The hacker who enabled the theft of millions of credit card numbers has pleaded guilty to two counts of conspiracy and will receive a prison term of at least 17 years.
Albert Gonzalez, the hacker, has already pleaded guilty in two other cases related to the theft. As part of his plea agreement in those cases, in Boston and New York, he agreed to ask for no less than 15 years in prison and the government agreed to ask for no more than 25 years.
In the most recent case in New Jersey, Gonzalez said he won't seek a prison term under 17 years. In addition, the term will run concurrently with the sentences of the previous cases. Sentencing for all three cases will be handed down in March.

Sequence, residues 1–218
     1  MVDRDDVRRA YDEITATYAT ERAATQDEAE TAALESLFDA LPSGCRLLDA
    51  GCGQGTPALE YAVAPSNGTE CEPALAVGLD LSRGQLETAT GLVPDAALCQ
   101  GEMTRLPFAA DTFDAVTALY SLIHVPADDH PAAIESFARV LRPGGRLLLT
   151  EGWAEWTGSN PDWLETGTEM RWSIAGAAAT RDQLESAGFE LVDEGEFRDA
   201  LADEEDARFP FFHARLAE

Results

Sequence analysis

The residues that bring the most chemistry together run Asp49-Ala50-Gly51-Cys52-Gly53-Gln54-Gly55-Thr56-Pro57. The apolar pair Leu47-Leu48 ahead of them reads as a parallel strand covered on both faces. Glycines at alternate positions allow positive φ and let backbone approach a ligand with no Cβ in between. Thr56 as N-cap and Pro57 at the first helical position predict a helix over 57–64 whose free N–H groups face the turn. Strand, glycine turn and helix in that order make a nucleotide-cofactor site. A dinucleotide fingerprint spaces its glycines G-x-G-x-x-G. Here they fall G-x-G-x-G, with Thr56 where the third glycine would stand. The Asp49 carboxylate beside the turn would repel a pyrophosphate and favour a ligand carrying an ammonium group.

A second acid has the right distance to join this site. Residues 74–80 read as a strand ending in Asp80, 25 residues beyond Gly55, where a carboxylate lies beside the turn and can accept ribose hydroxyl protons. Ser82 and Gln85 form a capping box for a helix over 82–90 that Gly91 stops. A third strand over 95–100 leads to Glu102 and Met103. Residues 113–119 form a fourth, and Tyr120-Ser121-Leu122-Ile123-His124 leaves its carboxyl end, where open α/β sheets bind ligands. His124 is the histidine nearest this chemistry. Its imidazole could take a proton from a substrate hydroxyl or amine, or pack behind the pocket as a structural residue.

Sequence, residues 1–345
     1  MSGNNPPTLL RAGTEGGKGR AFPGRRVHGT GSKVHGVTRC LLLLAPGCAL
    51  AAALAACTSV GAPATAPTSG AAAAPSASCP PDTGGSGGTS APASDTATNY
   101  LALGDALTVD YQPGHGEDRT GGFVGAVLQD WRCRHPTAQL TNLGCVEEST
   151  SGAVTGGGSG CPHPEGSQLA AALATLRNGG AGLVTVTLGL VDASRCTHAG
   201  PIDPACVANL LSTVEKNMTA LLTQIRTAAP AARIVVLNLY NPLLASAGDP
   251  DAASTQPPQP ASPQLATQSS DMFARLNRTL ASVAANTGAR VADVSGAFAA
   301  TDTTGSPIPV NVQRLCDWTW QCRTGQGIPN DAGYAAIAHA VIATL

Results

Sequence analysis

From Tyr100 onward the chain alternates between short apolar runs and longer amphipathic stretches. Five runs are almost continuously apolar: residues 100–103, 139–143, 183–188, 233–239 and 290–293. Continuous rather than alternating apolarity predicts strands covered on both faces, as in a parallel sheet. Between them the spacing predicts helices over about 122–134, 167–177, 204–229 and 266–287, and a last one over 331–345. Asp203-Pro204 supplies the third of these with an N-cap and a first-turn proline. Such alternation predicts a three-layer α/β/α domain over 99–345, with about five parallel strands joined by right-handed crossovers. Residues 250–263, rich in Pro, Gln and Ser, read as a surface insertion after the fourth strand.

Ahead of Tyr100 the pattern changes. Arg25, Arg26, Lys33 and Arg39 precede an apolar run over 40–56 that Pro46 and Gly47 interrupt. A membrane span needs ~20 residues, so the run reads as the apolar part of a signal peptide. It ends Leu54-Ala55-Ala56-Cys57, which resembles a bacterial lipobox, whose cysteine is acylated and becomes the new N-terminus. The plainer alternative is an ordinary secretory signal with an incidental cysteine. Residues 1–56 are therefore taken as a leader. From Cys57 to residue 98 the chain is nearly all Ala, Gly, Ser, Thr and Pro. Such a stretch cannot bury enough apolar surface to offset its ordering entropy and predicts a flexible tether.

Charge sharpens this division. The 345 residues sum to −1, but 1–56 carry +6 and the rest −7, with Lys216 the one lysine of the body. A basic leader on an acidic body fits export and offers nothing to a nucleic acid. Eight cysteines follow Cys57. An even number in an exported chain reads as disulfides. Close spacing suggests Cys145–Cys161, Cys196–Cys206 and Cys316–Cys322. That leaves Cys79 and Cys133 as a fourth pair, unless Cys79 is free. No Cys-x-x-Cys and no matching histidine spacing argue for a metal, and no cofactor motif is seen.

The Department of Justice says that the case is one of the largest data breaches ever investigated and prosecuted in the United States. The plea agreement says that Gonzalez leased servers to other hackers who used the servers to store malicious software and launch attacks against corporate victims.
Gonzalez is among the hackers charged with using SQL injection attacks to steal credit and debit card information from, among others, credit card payment processing company Heartland Payment Systems, 7-Eleven and Hannaford Brothers, a Maine supermarket chain. He was charged with selling millions of credit and debit card numbers from TJX, BJ's Wholesale Club, OfficeMax, Boston Market, Barnes & Noble and Sports Authority, the DOJ said.